Added by Nigel Shelbourne on June 2, 2011
Given the emerging security scenario in the Indo-Pacific region, where all three countries face challenges from terrorism and non-traditional security threats such as piracy, drug trafficking, serious communicable diseases, illegal immigration and environmental security, it is timely to explore the merits of a trilateral regional security architecture consisting of India, Australia and the United States.
In November 2009, then Prime Minister Kevin Rudd visited India. During his visit it was jointly agreed to elevate the Australia-India relationship to the level of a strategic partnership.
A Joint Declaration on Security Co-operation was issued, with both countries committing to boosting defence and security co-operation, regional and multilateral co-operation, economic engagement, co-operation in energy, climate change and water resources and the increasing of science and education links through knowledge partnership.
Despite booming trading ties – with exports worth $18.2 billion, India became Australia’s third-largest export market in 2009 – there are still a few areas of concern. The incidents of attacks on Indian students in Australia did a great deal of damage, especially in India where the stories were latched on to by the media.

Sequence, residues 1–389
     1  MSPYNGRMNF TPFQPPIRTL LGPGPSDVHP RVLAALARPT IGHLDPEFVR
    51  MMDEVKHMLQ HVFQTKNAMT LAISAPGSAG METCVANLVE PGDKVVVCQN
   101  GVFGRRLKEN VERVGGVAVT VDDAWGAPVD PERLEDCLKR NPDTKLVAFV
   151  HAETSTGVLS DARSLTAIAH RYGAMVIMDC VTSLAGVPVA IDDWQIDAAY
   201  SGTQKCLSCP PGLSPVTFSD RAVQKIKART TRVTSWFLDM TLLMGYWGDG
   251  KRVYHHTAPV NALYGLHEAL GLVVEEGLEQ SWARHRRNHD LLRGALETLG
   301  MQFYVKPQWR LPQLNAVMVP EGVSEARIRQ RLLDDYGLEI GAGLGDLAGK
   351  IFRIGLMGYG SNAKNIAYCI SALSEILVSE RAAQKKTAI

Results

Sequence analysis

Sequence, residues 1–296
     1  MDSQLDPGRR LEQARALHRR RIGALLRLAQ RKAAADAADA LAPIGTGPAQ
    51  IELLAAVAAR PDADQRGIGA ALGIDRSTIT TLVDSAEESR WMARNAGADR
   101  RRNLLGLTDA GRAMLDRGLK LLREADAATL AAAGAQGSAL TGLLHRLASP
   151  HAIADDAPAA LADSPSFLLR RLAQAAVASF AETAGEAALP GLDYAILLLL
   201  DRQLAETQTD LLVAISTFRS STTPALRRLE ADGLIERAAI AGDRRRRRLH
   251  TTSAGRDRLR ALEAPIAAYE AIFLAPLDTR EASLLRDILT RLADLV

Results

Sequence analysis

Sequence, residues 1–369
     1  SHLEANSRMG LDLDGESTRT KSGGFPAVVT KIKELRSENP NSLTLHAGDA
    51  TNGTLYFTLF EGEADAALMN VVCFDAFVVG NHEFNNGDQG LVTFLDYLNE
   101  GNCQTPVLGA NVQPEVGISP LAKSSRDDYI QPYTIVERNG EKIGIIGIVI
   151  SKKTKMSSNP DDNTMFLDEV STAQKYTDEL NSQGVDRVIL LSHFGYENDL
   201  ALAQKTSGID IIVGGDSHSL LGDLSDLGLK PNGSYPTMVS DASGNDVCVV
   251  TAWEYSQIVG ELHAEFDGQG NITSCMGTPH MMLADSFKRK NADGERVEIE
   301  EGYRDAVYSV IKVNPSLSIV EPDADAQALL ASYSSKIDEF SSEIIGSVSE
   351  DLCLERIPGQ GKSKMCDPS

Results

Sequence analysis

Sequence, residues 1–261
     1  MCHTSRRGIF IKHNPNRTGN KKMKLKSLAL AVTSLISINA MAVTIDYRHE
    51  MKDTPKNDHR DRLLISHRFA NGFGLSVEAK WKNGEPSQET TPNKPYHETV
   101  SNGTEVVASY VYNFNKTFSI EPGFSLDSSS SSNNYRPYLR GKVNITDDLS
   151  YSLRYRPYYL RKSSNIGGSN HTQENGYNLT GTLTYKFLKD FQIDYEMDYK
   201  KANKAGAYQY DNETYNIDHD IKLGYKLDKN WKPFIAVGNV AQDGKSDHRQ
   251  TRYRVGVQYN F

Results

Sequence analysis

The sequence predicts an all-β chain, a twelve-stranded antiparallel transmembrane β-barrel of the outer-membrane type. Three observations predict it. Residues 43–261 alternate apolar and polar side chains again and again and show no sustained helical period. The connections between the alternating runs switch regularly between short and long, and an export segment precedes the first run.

The attacks did a significant amount of damage to Australia’s education industry, given that there are more than 90,000 Indian students in Australia – and many more waiting in the wings. Australia has emerged as the second-most sought after destination for Indian students, overtaking the United Kingdom.
Indian students make up the second-largest group of students in Australia after the Chinese; the education sector is Australia’s third-largest foreign exchange earner after coal and iron ore.